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 Including Dads in Teen Pregnancy and Parenting Support Initiatives

By Andria Cornell
Program Manager, Women's and Infant Health, AMCHP

MCH programs have a broad focus on protecting and promoting the health and well-being of women, infants, children and families. This focus has inherently included fathers; however, as Title V programs continue to integrate the life course approach into program planning and policy development, topics like father engagement, paternal involvement, and men’s preconception health take on new meaning and urgency. For example, teen pregnancy and parenthood has historically been considered a ‘woman’s issue.’ Today, state and local programs (and partners outside of MCH) are evolving to include teen dads as targets of intervention efforts. Such programs recognize that young men not only play a vital role in the emotional, psychological, and physical health and development of their children and partners, but that these young men have life course histories of their own.1 These factors all come together to influence the critical – and often unplanned – transition from boyhood to fatherhood.

Below are a few examples of programs and initiatives at the state and local level that focus on engaging teen fathers in pregnancy and parenthood support. These programs focus on building the capacity of young men as fathers, nurturers and supporters.

  • The John S. Martinez Fatherhood Initiative of Connecticut has a state-certified Teen Fathers Program that uses a group and mentor format to provide educational, emotional, mental and financial support for teen dads. This March, the initiative posted a testimonial on its website that details the experience of one teen dad who went through the program. Milton shares his journey from ‘lost troubled teen father to a man who sets a legacy as a father.’
  • Young Fathers of Central Florida recently hosted the first ever National Teen Fatherhood Conference Feb. 28-Mar. 1, 2013. The organization features an expansive list of programs – including a Teen Fatherhood Academy, parent training workshops, and a father support group and mentoring program, as well as targeted programs for pre-teens ("Gents to Gentlemen").
  • Focusing on the links between family breakdown and social issues facing a community, the Richmond Family & Fatherhood Initiative includes a focus on teens and adolescents in their work connecting, equipping and empowering men with the essentials for positive lifestyle choices.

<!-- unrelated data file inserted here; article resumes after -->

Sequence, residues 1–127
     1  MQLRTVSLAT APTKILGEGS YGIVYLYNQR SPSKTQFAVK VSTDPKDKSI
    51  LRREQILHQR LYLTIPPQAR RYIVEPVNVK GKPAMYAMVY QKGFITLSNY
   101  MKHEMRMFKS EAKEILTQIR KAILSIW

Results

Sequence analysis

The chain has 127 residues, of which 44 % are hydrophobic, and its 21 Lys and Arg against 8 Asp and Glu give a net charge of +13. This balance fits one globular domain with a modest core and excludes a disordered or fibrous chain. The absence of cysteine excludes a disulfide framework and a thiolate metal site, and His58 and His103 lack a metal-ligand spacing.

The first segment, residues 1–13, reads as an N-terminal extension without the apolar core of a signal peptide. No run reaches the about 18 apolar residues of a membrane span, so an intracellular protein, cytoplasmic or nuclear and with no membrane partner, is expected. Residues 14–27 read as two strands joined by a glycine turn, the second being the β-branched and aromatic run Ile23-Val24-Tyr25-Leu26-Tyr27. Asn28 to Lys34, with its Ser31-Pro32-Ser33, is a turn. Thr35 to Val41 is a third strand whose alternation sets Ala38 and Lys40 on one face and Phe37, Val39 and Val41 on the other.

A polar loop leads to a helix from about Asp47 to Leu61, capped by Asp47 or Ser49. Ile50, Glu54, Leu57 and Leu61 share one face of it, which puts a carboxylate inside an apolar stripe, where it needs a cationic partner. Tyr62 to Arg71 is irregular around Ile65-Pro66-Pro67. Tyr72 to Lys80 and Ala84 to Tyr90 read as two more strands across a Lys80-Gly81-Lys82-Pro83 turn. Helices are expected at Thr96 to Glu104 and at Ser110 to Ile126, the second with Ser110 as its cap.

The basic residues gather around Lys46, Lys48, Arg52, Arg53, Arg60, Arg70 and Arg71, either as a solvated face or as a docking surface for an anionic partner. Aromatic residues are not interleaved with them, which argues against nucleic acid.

• Highlighted in more detail in this edition of Pulse, is the Virginia Department of Health, Office of Child and Family Health Pregnancy Assistance Fund (PAF) grant initiative to support both male and female students enrolled in institutions of higher education who are pregnant or parenting young children.

Further, the National Responsible Fatherhood Clearinghouse published a report entitled, Elements of Promising Practice in Teen Fatherhood Programs: Evidence-Based and Evidence Informed Research Findings on What Works. This summary categorizes teen fatherhood programs into model, promising and emerging practices based on evaluation findings. MCH programs and partners may wish to use this resource in guiding program planning and considering key elements to evaluating teen fatherhood programs.

In addition to programs focused on teen pregnancy and parenting support, young men are increasingly included in preconception, sexual and reproductive health programming. Among the grantees of the HHS Office of Adolescent Health featured in this newsletter is EngenderHealth. The program from the organization, Gender Matters addresses gender norms as a key determinant for risk for teen pregnancy; its interventions in Austin, Texas target both young men and young women in a synchronized approach that addresses traditional attitudes towards masculinity and femininity. Additionally, in their April Newsletter, AMCHP partner Every Woman Southeast included a special emphasis on promoting the preconception health of men with a spotlight on Delta Health Partners, a reproductive life planning community grant project in Marks, MS, focusing on at-risk males ages 10-25 years.

As MCH programs expand their engagement of fathers, we want to hear from you! At the 2013 AMCHP Annual Conference, individuals came together at a Knowledge Café on father involvement to discuss barriers to, and supports of, father involvement in MCH. Please share with us how your MCH program or organization engages fathers from across the life span. E-mail your projects, ideas or reactions to

1 Lu MC, Jones M, Bond MJ, Wright K, Pumpuang M, Maidenberg M, Jones D, Garfield C, Rowley DL. (2010). Where is the F in MCH? Father Involvement in African American Communities.Ethnicity & Disease 20: 49-61.